The “Fab Five” of Michigan University in the early 90’s has been heralded as the best college recruits in college basketball history. This team of talented five battled bravely on the court to be highly respected in their profession. Have you ever thought the Army’s “Fab Five” in weaponry? We have a few weapons we think would make our “Fab Five” team. These five picks have been around a lot longer, established superiority, and mission effectiveness in many battles.
Announcing our starting lineup:
Our first pick for the lineup playing small forward is the M4 Carbine Small Rifle. This weapon is lighter and more durable.
The gas operated, air-cooled, magazine fed weapon has served Soldiers for up to three years. It’s compact size, shortened barrel, multi-functional butt stock are just a few of the rifles features that differ from its predecessor the M16.
One the most recognizable features of the rifle is its transitional butt-stock (The ability to lengthen or shorten the rifle based on mission and comfort). This weapon brings to our fighting force the abilities of small forward, Ray Jackson of the Fab Five.
Playing center is our handheld Defense Advanced Global Positioning Satellite Receiver (DAGR). This device has been a part of our new modernized compass for a more equipped Soldier. The multifunctional capability of this device has allowed our troops to navigate very treacherous terrain in Iraq and Afghanistan.
Al though some Soldiers have said the old compass will never live down its legacy, the GPS has established itself in battle and many conflicts. DAGR’s have been in service for more than five years and have allowed Soldiers to navigate terrain more effectively. This system has been proven as most effective because of its capability to display accurate un-assumed coordinates for Soldiers in combat environments.
GPS most recognizable feature is its graphical screen that has the ability to overlay map images and long battery life. In comparison to Juan Howard of the Fab Five, this weapon will be around for a lot longer for many more battles to come.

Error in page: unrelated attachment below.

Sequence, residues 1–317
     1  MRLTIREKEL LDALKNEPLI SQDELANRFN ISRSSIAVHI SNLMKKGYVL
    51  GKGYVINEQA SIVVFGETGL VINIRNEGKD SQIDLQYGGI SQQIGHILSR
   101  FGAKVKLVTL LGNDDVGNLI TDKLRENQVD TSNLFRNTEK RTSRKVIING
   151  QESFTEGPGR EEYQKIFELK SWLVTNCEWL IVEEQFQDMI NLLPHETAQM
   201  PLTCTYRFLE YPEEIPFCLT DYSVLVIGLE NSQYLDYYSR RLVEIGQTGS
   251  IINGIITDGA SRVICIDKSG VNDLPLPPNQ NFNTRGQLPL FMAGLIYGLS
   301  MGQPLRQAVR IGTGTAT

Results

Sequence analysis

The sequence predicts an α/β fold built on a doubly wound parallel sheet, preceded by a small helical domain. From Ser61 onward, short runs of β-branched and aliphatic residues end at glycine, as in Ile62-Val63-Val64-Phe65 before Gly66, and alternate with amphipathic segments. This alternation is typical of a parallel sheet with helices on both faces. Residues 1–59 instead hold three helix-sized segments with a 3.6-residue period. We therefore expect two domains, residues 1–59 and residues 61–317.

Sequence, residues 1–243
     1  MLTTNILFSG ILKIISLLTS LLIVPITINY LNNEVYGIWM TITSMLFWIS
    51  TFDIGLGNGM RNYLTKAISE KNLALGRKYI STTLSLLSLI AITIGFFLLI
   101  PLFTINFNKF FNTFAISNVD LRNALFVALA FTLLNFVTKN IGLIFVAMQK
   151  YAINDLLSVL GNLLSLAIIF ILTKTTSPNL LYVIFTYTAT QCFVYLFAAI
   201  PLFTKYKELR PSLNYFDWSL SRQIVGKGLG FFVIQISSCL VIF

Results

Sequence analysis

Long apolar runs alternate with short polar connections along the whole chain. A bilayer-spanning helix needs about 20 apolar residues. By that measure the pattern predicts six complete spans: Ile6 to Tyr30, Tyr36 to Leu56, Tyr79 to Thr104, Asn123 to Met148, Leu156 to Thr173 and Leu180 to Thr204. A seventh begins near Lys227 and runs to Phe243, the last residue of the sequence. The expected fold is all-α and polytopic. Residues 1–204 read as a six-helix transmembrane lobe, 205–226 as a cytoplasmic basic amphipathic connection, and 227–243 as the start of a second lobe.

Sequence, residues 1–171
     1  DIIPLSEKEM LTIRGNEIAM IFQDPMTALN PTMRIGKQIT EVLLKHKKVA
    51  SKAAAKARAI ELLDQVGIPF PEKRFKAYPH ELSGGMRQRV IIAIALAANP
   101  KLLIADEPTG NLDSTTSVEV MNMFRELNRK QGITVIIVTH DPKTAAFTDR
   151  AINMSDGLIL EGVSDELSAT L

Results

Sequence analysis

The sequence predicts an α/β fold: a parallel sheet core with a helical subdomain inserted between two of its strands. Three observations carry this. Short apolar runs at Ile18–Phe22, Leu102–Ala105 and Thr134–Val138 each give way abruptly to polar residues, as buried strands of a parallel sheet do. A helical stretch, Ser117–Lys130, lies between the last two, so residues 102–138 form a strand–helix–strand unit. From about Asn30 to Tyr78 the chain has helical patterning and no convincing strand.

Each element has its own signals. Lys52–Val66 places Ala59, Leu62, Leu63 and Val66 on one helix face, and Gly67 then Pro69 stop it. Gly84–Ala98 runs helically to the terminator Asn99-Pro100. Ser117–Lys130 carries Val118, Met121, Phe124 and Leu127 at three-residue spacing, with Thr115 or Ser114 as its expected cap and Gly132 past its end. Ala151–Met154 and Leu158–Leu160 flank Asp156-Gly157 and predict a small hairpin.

One of our most pivotal players, the power forward , is the Lightweight 155 millimeter Howitzer. Successor to the M198 Howitzer, it has been in use by our Soldiers since 2008 during Operation Iraqi Freedom. This weapon is considered to be about 42 percent lighter than its predecessor. The Lightweight 155 millimeter modifications have allowed this weapon to be transported by the by CH-47 faster.
The accuracy, dependability and effectiveness of Fab Five member, Chris Webber is a true comparison to the Lightweight 155 millimeter Howitzer.
Giving us powerful battlefield advantage and tactics the UH-60 Black Hawk helicopter. The Black Hawk has been in service since 1979, getting its first start with the 101st Combat Aviation Brigade of the 101st Airborne Division Air Assault. These powerful air assault tool continues to be a team player in the Army weapons systems. Black hawks have seen conflicts from Grenada to recent operations in Iraq and Afghanistan.
There have been many different variants of the Black Hawk. Its versatility makes it one the Army’s most prized weapons. Having been built for rapid deployment of troops into hostile areas, the Black Hawk has also received various upgrades, including the ability to be equipped with several weapons such as the M60 Machine Gun.
Our UH -60 Black Hawks brings to us the versatility that Jimmy King brought to the Fab Five.
Rounding out our top Army Fab Five is the .50 caliber machine gun more commonly known as the “ma-deuce” or “the-fifty.” Mostly known for its use mounted on small armored vehicles, the .50 caliber rifle varies in use for many military operations. This weapon has been modified to many different forms that allows the cyclic rate of this weapon to be just that more effective. One of its many special features includes a double feed trey for rapid firing.
Just as Michigan Fab Five point guard, Jalen Rose gave offensive power to his team, our .50 caliber rifle gives us the same offensive advantage.
Army weapons systems have modernized greatly over the course of time. Let us know what you think of our “Army Fab Five” and share with us what Army weapons you would like to see in our lineup and why.
Blog post submitted by Andrew McIntyre, Public Affair Specialist, Department of the Army Intern